There is a low concentration of buyers (retailers) as compared to suppliers in the industry. The retailers’ switching costs are low since they can easily move from one business to another. The suppliers’ products are not differentiated in the market. However, the suppliers’ products are very important to the quality of the retailers’ products.

This means that the buyers (retailers) have a fair bargaining power. Consequently, Whole Foods Market has the opportunity to negotiate for cheaper supplies. By obtaining the supplies at reduced prices, the firm will be able to reduce the price of its products thus increasing sales.

Intensity of Competitive Rivalry

The intensity of competition is high in the market since there are many competitors. The industry’s growth rate is also slow but steady. The fixed costs are high since the industry is labor intensive. The storage costs are also high due to the fact that organic foods are highly perishable and thus require special storage facilities.

The strategic stake of Whole Foods Market is high since it focuses only on one segment of business. Thus shifting from the sale of organic foods will mean running out of business or moving to a different industry. The intense competition undermines the company’s efforts to grow and maximize profits.

Threat of Substitutes

The threat of substitutes is high due to two reasons. First, the substitutes are relatively cheaper. Second, the substitutes are highly differentiated. This means that the sales volume of Whole Foods Market is adversely affected by the competition attributed to substitute products.

Most Significant Threat

The high intensity of competition and the threat of substitutes are the environmental factors that pose the most significant threat to Whole Foods Market. The significance of their threat relates to the fact that they limit the company’s sales volume. This translates into reduced revenues, low profits and a smaller market share.

The company can responded to these challenges through an effective marketing plan. This will involve educating customers on the benefits of organic foods in order to counter the threat of substitute products. Product differentiation will enable the firm to distinguish its self from the competitors thus retaining its market share.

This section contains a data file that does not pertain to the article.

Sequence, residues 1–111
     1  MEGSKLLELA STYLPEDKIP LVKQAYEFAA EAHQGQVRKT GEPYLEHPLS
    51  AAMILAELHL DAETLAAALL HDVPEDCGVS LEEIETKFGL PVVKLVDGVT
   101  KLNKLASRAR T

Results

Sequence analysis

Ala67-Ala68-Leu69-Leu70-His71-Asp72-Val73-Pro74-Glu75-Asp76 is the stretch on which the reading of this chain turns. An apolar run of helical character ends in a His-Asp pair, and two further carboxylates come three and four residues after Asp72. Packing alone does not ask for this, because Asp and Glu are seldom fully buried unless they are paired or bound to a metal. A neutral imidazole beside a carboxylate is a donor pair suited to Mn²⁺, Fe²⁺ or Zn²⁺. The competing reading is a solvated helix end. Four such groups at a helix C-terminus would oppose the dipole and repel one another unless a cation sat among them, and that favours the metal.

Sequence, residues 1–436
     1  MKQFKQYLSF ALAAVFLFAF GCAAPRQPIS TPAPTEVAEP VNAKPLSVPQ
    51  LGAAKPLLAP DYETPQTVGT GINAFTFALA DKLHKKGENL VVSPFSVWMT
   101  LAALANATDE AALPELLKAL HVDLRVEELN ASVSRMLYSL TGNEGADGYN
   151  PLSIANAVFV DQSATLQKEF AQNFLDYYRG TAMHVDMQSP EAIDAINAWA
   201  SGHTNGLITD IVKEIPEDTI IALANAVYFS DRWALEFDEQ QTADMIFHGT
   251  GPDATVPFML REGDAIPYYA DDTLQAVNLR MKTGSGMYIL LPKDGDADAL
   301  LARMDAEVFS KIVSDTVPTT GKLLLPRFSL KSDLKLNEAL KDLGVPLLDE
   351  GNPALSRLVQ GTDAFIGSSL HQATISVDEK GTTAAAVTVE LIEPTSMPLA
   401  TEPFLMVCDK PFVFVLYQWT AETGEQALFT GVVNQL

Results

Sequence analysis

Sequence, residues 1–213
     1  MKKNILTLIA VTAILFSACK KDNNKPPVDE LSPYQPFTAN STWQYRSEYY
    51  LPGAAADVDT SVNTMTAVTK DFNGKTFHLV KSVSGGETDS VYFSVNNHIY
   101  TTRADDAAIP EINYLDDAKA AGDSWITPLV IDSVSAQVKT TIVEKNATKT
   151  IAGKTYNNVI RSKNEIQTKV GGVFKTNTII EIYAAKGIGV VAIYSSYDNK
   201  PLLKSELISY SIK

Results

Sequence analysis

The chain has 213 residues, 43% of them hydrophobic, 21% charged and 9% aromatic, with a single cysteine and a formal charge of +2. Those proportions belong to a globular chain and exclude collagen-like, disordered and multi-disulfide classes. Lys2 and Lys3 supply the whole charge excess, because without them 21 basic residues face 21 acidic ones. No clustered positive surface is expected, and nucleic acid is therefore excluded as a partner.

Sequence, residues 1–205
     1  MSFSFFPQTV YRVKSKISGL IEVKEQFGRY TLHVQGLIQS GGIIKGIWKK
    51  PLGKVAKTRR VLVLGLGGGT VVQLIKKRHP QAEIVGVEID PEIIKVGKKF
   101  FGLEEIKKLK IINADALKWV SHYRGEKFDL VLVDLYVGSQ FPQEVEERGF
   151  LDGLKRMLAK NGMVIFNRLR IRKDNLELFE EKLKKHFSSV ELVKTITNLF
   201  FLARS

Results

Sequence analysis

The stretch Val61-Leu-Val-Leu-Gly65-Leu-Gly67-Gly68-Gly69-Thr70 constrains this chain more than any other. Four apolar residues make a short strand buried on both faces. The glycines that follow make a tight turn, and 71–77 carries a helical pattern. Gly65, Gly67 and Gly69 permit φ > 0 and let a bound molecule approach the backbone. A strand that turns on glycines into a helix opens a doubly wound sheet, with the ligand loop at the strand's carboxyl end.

By focusing on a perfect product mix, the firm will be able to satisfy the needs of the customers who will be loyal in return. Finally, the company should put more emphasis on excellent customer services in order to remain competitive in the market.

SWOT Analysis

The company’s strengths include a well established brand that is known for the best quality in the industry (Whole Foods Market, 2011). The firm has a good distribution channel that consists of 300 stores and 9 distribution centers. This enables it to reach the targeted market easily. The firm’s financial stability has enabled it to effectively implement its marketing and growth plan (Whole Foods Market, 2011).

The main weakness of the firm is that it focuses on only one segment of business. Thus it can not enjoy the benefits associated with diversification of investments. The main opportunity to the company relates to the rising popularity and demand for organic foods in a wealthy population. The firm faces two threats namely intense competition and the threat of substitute products.

Proposed Strategy

Given the above discussed strengths and opportunities, the firm should pursue a cost leadership strategy. This means that the firm should focus on maintaining its market share through low prices and product differentiation. By using its financial muscle and economies of scale, the firm will be able to reduce cost.

Thus it will be able to sell its products at the lowest possible prices thereby increasing or maintaining its market share. The firm can capitalize on the opportunities accruing from low supplier power, low threat of new entrants and a relatively high power of the buyer in order to benefit from the rising demand of organic foods.


Dess, G., & Lumpkin, G. (2009). Strategic management: creating competitive advantages. New York: McGraw-Hill.

Whole Foods Market. (2011). Annual report: FY2010. Retrieved from